Rep. Kevin McCarthy, the speaker of the House, announced Tuesday that he was opening an impeachment inquiry into President Joe Biden. Rep. Marc Molinaro, who represents Greater Binghamton in Congress, then issued a statement in support.

The looming impeachment fight comes on the cusp of a government shutdown, as the most conservative members of McCarthy’s conference threaten to end his speakership. In January, McCarthy won the speakership election after 15 ballots, following a series of concessions to Republican holdouts. The impeachment inquiry, not approved by a vote of the entire House of Representatives, will task the House Committee on Ways and Means, the House Committee on Oversight and Reform and the House Committee on the Judiciary to spearhead the investigation into Biden and his family.

Molinaro, who won his seat in a close election last year, is a Democratic target in 2024’s general election and is among several upstate Republicans to support McCarthy’s inquiry. In a statement, he explained his reasoning behind the support.

“Oversight of the Executive Branch is one of Congress’s most fundamental duties,” the statement said. “I worry about what appears to be criminal activity benefiting the Biden family and undermining our national interests. That warrants an inquiry.”

In response, New York’s Working Families Party said that they were “disappointed” in Molinaro’s support for impeachment.

“Molinaro continues to line up behind McCarthy and far-right Republicans every chance he gets,” the statement said. “As a member of the Agriculture Committee, Molinaro should be focused on delivering a Farm Bill that protects [Supplemental Nutrition Assistance Program] benefits, but he’s instead preoccupied with cozying up to the speaker by lending credibility to his latest political stunt.”

House Republicans have launched several investigations into the president and his family since they won the majority last November. The House Committee on Oversight, led by Rep. James Comer, has been examining Biden’s “domestic and international business dealings” to determine any impropriety, according to the Committee’s website.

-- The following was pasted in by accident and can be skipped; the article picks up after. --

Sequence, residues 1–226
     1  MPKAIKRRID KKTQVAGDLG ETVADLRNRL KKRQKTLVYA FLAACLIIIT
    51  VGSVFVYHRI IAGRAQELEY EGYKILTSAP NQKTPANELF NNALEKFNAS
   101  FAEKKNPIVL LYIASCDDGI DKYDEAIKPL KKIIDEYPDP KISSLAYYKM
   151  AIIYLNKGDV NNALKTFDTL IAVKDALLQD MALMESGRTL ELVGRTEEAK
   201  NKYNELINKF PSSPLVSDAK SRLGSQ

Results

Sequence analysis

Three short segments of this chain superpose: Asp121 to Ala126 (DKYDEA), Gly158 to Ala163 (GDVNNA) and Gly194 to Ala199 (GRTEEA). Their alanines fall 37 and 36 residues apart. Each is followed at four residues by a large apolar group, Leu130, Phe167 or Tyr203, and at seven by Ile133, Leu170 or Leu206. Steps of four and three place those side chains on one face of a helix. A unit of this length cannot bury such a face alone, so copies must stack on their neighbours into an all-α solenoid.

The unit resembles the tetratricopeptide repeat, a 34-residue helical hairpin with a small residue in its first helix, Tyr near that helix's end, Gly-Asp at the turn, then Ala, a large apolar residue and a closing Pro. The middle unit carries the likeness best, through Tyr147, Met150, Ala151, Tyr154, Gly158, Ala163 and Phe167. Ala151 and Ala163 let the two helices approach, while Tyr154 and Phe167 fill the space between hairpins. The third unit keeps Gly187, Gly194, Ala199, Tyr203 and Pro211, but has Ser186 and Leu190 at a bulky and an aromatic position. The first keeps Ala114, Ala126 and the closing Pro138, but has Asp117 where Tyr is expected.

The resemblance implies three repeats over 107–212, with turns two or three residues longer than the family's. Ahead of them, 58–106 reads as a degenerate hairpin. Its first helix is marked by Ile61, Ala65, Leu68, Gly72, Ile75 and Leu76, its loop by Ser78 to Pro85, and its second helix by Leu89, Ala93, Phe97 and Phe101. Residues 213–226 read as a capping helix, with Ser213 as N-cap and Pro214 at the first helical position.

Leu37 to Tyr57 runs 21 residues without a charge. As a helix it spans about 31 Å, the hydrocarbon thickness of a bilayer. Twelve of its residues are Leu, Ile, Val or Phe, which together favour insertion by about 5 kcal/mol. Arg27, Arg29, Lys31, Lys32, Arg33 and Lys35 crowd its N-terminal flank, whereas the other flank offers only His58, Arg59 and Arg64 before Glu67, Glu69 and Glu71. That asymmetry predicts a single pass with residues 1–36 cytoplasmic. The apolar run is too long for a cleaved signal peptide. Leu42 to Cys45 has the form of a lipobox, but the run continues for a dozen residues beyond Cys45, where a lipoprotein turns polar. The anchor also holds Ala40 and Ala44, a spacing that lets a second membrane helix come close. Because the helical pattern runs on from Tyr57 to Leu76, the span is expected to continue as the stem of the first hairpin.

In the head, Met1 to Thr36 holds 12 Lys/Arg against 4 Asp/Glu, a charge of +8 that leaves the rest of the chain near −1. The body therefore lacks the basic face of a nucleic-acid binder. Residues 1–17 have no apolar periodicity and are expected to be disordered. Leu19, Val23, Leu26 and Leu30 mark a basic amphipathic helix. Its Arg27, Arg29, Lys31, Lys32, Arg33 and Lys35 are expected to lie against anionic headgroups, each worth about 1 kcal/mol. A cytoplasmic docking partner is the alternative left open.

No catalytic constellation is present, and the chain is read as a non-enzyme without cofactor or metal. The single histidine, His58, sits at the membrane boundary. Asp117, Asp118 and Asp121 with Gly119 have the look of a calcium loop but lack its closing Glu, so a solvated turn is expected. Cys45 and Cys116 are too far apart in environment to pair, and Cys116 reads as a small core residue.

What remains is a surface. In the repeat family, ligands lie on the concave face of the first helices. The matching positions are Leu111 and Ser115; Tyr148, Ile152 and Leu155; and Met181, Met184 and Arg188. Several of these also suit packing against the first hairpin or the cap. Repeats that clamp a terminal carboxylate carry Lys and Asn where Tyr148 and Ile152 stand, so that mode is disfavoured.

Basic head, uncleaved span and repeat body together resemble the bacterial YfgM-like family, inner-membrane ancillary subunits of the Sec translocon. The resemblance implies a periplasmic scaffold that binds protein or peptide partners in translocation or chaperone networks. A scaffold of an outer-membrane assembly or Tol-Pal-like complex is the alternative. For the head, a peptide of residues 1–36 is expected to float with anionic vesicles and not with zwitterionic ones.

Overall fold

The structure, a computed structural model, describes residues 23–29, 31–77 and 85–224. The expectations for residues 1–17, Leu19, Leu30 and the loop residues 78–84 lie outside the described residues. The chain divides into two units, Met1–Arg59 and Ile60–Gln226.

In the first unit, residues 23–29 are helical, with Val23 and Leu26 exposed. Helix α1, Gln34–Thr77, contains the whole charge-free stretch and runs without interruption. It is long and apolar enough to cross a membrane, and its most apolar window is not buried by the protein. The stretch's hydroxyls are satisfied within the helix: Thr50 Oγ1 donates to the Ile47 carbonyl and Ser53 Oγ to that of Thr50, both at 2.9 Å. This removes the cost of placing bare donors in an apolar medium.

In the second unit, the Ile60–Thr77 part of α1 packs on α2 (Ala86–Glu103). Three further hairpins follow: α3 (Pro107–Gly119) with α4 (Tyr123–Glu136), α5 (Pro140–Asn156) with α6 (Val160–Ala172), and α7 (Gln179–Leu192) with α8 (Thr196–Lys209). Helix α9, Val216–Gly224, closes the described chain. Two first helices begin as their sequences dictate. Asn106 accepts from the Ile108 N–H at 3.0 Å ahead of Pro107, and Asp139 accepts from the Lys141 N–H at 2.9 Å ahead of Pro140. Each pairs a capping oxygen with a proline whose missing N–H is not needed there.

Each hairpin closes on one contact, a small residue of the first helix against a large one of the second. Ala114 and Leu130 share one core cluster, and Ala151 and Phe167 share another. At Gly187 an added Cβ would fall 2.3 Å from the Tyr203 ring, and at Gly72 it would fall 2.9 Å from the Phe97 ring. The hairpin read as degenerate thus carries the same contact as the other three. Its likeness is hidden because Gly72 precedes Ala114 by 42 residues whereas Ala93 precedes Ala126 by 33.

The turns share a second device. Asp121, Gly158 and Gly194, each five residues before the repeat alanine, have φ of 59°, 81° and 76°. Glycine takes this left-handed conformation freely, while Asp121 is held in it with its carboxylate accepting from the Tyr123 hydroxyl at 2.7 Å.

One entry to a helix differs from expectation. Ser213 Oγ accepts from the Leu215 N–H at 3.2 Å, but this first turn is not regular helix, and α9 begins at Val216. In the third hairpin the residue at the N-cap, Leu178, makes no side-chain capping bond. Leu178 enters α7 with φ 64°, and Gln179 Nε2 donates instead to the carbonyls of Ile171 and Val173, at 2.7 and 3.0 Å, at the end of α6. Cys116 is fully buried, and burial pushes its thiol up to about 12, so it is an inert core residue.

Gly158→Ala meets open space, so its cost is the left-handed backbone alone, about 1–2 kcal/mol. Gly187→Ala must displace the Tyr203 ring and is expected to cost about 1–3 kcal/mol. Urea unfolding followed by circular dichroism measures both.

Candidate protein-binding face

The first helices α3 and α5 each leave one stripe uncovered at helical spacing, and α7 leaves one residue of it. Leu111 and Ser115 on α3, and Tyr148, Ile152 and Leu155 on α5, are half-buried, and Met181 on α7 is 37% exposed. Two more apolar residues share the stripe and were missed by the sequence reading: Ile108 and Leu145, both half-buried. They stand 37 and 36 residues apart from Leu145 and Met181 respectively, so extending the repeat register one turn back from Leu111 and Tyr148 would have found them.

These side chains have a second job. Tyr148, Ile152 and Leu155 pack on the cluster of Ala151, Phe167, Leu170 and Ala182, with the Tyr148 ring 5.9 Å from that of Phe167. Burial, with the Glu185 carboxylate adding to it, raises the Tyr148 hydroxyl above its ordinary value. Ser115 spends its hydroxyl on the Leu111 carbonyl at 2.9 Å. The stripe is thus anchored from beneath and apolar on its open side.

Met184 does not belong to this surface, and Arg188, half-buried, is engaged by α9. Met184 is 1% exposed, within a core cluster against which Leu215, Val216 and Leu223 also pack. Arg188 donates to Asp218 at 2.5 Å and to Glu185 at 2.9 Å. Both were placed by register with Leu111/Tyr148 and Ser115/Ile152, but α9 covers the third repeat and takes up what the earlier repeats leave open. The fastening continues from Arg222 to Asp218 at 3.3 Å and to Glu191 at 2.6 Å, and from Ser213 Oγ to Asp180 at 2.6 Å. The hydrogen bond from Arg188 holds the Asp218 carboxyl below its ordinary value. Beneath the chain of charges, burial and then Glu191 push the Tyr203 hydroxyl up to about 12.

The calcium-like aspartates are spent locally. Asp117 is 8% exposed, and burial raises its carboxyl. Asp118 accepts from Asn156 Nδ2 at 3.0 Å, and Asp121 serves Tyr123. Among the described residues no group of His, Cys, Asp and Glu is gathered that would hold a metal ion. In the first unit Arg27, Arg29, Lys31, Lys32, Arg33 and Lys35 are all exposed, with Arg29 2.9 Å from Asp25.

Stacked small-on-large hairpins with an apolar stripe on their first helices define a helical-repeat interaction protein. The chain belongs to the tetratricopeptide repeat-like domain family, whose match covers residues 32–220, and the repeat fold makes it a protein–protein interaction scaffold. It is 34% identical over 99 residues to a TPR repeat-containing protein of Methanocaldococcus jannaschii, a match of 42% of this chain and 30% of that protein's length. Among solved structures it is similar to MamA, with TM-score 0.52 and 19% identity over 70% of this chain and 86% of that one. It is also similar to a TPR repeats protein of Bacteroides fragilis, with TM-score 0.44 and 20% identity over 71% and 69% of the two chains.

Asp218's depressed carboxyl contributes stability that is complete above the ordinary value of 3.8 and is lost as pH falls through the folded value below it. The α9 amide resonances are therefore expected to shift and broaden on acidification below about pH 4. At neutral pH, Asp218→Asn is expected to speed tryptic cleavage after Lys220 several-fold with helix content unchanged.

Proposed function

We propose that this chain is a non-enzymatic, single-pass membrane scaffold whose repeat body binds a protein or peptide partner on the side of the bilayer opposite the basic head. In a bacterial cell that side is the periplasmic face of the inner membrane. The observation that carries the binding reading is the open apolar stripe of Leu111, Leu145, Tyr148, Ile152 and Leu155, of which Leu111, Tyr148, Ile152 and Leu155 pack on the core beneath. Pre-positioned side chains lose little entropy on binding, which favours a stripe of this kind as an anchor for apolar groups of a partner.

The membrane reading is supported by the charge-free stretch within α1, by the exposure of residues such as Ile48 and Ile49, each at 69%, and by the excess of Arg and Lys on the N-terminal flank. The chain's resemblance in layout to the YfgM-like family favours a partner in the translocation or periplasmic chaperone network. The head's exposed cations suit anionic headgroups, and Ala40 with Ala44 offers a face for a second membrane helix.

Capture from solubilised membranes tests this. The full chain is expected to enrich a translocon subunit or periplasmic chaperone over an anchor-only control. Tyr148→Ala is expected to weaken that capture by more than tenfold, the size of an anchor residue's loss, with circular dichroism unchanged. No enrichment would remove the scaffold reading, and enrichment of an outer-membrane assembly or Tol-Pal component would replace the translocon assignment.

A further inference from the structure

Rep. Hakeem Jeffries, ‘92 and the House Democratic leader, called McCarthy’s inquiry “a kangaroo court, fishing expedition and conspiracy theater rolled into one.” Jeffries was one of the impeachment managers — legislators appointed to serve as prosecutors in the Senate trial of an impeached president — in former President Trump’s first impeachment in early 2020.

McCarthy has drawn criticism for the concessions he made to achieve the speakership. These include empowering a single member to force a vote to remove him from his position, awarding high-profile committee seats to his most right-wing members and creating a new subcommittee tasked with investigating the “weaponization of the federal government.”

“Really, it isn’t worth it to be speaker to abdicate that much jurisdiction over the House,” said Rep. Nancy Pelosi, a Democrat who won the speakership twice.

The House faces a looming shutdown crisis amid a fractured Republican majority. McCarthy’s most conservative members have advocated for concessions by leveraging their support for any government funding bill, including impeachment, deep spending cuts and increased security at the southern border. If legislation fails to pass by Sept. 30, the government will shut down.

Chance Fiorisi, a junior majoring in political science, said that Molinaro’s focus should be on his district, which stretches across regions of the Southern Tier, the Catskills, the Finger Lakes and the Hudson Valley.

“Supporting impeachment inquiries at a time when families in the district are struggling to keep food on the table is the kind of partisanship nobody wants to see,” Fiorisi wrote. “I hope the representative changes his priorities soon.”

Logan Blakeslee, the secretary of Binghamton University’s College Republicans and a senior double-majoring in history and political science, described transparency as “one of the essential features of government.”

“[Molinaro] is, at present, merely supporting an inquiry into [the president’s] dealings,” Blakeslee wrote. “It is likely that nothing major will be found, but the American people ought to be reassured and their doubts removed through an investigation. It is far from guaranteed that the next step in this process is impeachment.”